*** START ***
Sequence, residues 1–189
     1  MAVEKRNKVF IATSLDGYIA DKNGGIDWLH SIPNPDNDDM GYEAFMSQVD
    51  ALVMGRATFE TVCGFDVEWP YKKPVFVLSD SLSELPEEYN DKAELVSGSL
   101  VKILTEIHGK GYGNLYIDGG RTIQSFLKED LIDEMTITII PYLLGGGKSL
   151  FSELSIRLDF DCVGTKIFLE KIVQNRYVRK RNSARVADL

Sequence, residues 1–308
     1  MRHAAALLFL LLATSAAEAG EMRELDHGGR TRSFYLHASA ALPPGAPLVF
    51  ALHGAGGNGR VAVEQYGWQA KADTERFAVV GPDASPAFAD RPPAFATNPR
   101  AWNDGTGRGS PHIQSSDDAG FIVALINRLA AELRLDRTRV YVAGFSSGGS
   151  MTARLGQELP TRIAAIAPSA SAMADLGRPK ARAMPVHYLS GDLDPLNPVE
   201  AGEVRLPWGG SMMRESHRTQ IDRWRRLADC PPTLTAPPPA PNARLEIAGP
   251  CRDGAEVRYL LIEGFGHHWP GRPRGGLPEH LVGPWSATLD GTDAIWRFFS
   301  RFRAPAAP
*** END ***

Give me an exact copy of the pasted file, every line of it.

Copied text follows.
Sequence, residues 1–189
     1  MAVEKRNKVF IATSLDGYIA DKNGGIDWLH SIPNPDNDDM GYEAFMSQVD
    51  ALVMGRATFE TVCGFDVEWP YKKPVFVLSD SLSELPEEYN DKAELVSGSL
   101  VKILTEIHGK GYGNLYIDGG RTIQSFLKED LIDEMTITII PYLLGGGKSL
   151  FSELSIRLDF DCVGTKIFLE KIVQNRYVRK RNSARVADL

Sequence, residues 1–308
     1  MRHAAALLFL LLATSAAEAG EMRELDHGGR TRSFYLHASA ALPPGAPLVF
    51  ALHGAGGNGR VAVEQYGWQA KADTERFAVV GPDASPAFAD RPPAFATNPR
   101  AWNDGTGRGS PHIQSSDDAG FIVALINRLA AELRLDRTRV YVAGFSSGGS
   151  MTARLGQELP TRIAAIAPSA SAMADLGRPK ARAMPVHYLS GDLDPLNPVE
   201  AGEVRLPWGG SMMRESHRTQ IDRWRRLADC PPTLTAPPPA PNARLEIAGP
   251  CRDGAEVRYL LIEGFGHHWP GRPRGGLPEH LVGPWSATLD GTDAIWRFFS
   301  RFRAPAAP